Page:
Retail sales rise before introduction of tighter restrictions
Latest CSO data point to modest recovery in certain sectors
The annual volume of other retail sales, which includes supermarkets, was up 23.9 per cent. Photograph: Neil Hall/ Reuters
Retail sales rose by 1.5 per cent in September boosted by car and DIY sales but several sectors, including bars, were still well behind pre-pandemic levels.
The latest figures from the Central Statistics Office (CSO) also predate the introduction of Level 5 restrictions, which has resulted in the closure of all non-essential retail.
This is expected to lead to another major downturn in sales in October and November.
On an annual basis, retail volumes were 9.7 per cent higher in September compared with September 2019.
When motor sales are excluded, the volume of retail sales was up by 1 per cent in September and 7.4 per cent on an annual basis.
Some sectors, particularly in the hospitality sector, have been slow to recover.
Bar sales remain the hardest hit and were down 49 per cent year on year in September, while sales of books, newspapers and stationery were down 11.6 per cent.
Greater numbers of people working from home also triggered a 10 per cent drop in fuel sales, while sales in department stores were marginally down on last year.
In contrast, the annual volume of retail sales was higher in hardware, paint and glass (+31.3 per cent), electrical goods (+29.6 per cent), other retail, which includes supermarkets (+23.9 per cent).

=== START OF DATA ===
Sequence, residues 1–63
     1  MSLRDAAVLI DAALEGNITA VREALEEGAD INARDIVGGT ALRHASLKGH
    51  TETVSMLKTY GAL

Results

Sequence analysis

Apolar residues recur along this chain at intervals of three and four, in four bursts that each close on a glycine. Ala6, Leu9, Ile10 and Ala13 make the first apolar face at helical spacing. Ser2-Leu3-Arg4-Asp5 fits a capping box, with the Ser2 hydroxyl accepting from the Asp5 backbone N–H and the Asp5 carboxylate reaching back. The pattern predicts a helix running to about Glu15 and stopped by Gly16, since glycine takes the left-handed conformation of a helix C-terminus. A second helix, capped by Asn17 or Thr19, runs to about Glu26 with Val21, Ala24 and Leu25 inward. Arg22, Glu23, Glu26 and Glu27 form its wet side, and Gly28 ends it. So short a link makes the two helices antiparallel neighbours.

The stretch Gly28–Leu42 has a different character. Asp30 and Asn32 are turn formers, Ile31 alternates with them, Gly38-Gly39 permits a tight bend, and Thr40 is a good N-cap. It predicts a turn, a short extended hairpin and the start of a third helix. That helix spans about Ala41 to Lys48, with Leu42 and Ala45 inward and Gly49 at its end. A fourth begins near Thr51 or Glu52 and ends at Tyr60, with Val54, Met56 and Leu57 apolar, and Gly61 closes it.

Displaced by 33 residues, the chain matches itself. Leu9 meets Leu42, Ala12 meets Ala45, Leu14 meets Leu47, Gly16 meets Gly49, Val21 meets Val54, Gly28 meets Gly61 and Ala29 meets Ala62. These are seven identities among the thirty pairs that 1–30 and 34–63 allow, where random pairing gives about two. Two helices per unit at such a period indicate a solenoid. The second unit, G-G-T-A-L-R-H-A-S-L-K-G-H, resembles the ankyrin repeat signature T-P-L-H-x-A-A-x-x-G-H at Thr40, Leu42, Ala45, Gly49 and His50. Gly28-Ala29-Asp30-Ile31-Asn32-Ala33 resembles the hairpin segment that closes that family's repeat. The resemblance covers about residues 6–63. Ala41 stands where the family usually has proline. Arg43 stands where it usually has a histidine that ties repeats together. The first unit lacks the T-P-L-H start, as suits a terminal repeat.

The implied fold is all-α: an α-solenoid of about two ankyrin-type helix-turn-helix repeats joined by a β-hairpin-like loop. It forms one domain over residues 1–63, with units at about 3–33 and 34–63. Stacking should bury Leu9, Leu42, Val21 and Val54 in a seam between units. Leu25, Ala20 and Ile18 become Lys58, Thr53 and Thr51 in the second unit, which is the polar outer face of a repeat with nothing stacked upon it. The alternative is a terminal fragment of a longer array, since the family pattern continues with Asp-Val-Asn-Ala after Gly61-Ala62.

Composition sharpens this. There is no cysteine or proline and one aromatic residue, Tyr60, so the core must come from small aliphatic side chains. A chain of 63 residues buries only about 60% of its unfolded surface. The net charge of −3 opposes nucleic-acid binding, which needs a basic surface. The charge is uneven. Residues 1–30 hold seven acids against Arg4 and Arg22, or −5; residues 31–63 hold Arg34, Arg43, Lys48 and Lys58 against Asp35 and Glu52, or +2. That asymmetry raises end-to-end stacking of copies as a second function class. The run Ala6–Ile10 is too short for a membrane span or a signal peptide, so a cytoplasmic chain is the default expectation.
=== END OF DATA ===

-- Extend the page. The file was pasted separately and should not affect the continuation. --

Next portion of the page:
The largest monthly volume increases were in car sales (+5.7 per cent), hardware, paints and glass (+4.2 per cent) and clothing, footwear and textiles (+3.1 per cent).
As the volume of in-person shopping increased with stores reopening, the proportion of total retail sales transacted online has fallen from the high of 15.3 per cent recorded in April to 4.3 per cent in September, the CSO said.
However, the CSO’s figures do not cover the full extent of online sales here.
Separate figures from the Banking and Payments Federation Ireland (BPFI) suggested contactless payments hit a record high in third-quarter of 2020 with more than 182 million payments valued at almost €2.9 billion.
With a significant surge in contactless payments in recent months triggered largely by the Covid-19 pandemic, the figures show the number of contactless payments rose by 36 per cent year-on-year in the three-month period with the value of those payments up 77 per cent during the same period.
“And while activity did see a slight dip during September, there were two million contactless payments per day during the month of September, unchanged from August, with €31.1 million spent per day, down from €31.9 million a month earlier,” it said.